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5 Ways to Preach Like a Pharisee

Pharisees and Jesus

Photo by bbaltimore.

Many of the Pharisees were probably great teachers and skilled speakers. I’m sure many were charismatic, skilled communicators. But by the time Jesus arrived on the scene, the Pharisees, on the whole, were killing the culture around them spiritually. Jesus had a lot of work to do just to unwire people from the performance-driven, legalistic trap of pharisaism.

I’ve been guilty of preaching like a Pharisee before, and as I review my sermons from the past, I cringe a bit as I peruse certain periods of my ministry when I placed undue burdens on my listeners in the name of “preaching the Word.” I’m writing out of my own past tendencies (and present tendencies I’m still trying to snuff out) as well as out of what I observe across the landscape of evangelical preaching.

The following tips will work to draw a moderate-sized crowd. A pulpit characterized by negativity and belligerence will draw a moderate-sized crowd of masochists who draw energy to go on another day by being beaten up spiritually. But it won’t make Jesus-like, craveable disciples. So use them at your own risk.

How do you preach like a Pharisee?

Preach Your Opinions Instead of the Absolute Truth of Scripture

Exalting your own opinions about extra-biblical issues as though obedience to them is equivalent to obeying Scripture is dangerous. It creates the very burdens on the backs of people that Jesus came to remove. It also hurts the trust of your hearers. Consider my hero, W. A. Criswell who once promoted segregation as a biblical mandate only to repent and change his policy later. His opinion about a cultural issue caused many to question his credibility. Thankfully, he had such a high respect for the authority of Scripture that he changed course, publicly and with apology. Besides, you’re probably wrong more than you think you are.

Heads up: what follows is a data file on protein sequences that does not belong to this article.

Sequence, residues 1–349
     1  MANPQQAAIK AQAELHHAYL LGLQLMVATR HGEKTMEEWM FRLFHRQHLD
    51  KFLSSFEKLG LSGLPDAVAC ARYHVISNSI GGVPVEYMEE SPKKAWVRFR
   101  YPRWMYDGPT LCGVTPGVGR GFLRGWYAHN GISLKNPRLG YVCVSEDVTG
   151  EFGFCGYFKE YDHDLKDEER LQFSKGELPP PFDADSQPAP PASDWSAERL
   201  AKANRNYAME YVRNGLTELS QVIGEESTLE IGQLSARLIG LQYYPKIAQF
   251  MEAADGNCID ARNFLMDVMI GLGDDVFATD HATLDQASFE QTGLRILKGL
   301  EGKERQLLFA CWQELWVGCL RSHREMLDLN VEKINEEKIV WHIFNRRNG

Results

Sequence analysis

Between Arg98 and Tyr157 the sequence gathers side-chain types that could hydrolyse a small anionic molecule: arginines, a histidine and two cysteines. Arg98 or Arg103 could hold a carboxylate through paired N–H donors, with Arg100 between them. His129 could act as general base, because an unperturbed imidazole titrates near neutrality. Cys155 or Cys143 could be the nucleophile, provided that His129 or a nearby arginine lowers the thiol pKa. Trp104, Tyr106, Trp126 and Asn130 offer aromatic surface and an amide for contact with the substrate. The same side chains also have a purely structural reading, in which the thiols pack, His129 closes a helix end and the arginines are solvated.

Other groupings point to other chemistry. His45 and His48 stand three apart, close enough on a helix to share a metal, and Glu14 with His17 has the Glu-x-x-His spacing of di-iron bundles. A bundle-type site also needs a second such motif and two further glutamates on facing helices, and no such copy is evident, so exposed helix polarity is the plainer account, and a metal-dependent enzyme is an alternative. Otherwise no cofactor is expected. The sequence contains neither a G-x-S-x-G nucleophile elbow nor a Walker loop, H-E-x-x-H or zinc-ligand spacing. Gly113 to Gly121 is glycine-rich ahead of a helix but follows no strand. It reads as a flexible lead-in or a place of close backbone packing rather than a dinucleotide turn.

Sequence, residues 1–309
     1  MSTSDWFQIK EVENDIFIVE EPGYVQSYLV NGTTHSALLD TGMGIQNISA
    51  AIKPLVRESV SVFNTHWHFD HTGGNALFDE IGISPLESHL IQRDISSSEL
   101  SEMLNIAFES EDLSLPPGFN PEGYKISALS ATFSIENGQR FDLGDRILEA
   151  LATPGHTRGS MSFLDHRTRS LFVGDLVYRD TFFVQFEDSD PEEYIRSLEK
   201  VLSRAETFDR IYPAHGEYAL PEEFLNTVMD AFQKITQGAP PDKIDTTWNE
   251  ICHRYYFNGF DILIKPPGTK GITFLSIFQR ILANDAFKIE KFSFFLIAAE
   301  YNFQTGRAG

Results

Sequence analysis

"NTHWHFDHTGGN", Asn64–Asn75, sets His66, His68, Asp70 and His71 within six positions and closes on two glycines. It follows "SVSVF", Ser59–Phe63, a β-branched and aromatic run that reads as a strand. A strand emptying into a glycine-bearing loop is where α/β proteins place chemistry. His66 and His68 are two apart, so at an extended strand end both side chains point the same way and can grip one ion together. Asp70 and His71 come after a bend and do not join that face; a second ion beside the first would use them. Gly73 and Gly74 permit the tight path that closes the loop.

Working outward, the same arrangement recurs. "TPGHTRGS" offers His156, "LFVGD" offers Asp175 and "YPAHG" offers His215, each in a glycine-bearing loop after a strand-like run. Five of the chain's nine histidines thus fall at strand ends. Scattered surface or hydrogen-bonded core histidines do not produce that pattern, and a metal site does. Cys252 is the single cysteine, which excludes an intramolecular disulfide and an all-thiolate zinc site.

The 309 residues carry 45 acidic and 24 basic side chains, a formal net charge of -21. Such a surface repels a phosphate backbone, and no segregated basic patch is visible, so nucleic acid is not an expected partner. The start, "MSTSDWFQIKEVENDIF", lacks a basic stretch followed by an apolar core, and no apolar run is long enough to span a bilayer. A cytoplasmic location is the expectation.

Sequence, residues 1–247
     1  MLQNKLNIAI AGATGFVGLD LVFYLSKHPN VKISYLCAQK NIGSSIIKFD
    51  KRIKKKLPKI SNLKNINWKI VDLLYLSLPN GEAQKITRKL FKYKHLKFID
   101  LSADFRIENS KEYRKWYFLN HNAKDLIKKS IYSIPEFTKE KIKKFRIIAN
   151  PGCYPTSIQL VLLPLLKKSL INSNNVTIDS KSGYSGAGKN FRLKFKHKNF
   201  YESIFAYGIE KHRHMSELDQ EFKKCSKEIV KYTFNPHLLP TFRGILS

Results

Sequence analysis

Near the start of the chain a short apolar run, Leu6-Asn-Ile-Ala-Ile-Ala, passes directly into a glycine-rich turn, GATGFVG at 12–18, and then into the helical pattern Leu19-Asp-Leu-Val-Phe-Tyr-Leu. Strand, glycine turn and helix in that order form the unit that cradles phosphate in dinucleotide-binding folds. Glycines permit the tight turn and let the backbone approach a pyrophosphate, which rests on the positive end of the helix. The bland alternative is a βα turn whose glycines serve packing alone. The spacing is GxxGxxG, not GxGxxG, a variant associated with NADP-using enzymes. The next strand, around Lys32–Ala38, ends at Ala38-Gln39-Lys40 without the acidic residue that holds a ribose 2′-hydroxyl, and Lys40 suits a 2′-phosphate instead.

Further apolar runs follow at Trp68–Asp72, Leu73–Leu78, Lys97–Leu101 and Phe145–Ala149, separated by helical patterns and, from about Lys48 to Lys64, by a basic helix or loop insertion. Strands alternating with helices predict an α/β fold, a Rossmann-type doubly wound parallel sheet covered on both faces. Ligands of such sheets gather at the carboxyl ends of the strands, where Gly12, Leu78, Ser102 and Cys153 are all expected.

Promote Moralism Over Grace-based Living

Your role is to present biblical truth, allowing the Holy Spirit to transform the lives of your hearers with the power of God’s revelation. Your role is not to make people behave. Repentance has to do with changing the mind and belief system so that behaviors follow, but when we promote better behavior, we put the cart before the horse and fail to exalt the grace that enables us to live differently.

Make People Feel Guilty Enough to Make Short-term Commitments

Guilt is a terrible motivator. Yes, we sinners must come to grips with our sin by means of the conviction of the Holy Spirit, but it is the Holy Spirit’s job to bring that conviction. I can get people to give more money, sign up to serve in a ministry, or go share the gospel by making them feel guilty about not giving or doing enough. Or I can empower them to give, serve, and share by inspiring them with hope. God dangles rewards in front of us in eternity as motivation for action rather than feelings of guilt over our sinful past. I owe Him everything, but He doesn’t remind me of that. He simply challenges me to go forward in hope and for the pure enjoyment of Him and His grace.

Beat People Into Skepticism

Jesus once told the Pharisees that they had a tendency to make people “twice the child of hell as they were before.” What did He mean? People had come to the Pharisees, as religious leaders, to find the ultimate fulfillment God could offer. What they received was a long list of rules that were impossible to keep. After their repeated failures, they would finally turn away in disgust and it would be a long time before they listened to another religious leader again. Sound familiar? My heart breaks for the victims of spiritually abusive churches that have little understanding or compassion for the hurts and problems of people in pain.

Dress the Part

If you wear a three-piece suit and cuff links because you’re into that sort of thing or because it appeals to the community you’re trying to reach, more power to you. But if you just like to wear the “preacher” uniform and appear lofty and ministerial, repent now. I get a bit nauseated when I see a leader who has that “preacher strut.” I won’t describe it – you’ll know it when you see it. It’s usually the result of my desire to impress my peers outweighing my desire to connect with the lost. This is not a rant against “dressing up.” It’s just a warning against trying to “dress the part” of the superior religious leader.

More than ever, a skeptical, broken world needs our authentic, truth-saturated, grace-based, Spirit-filled message of the cross and the resurrection. And they need to see it embodied in our lives as much as they need to hear it proclaimed from the podium.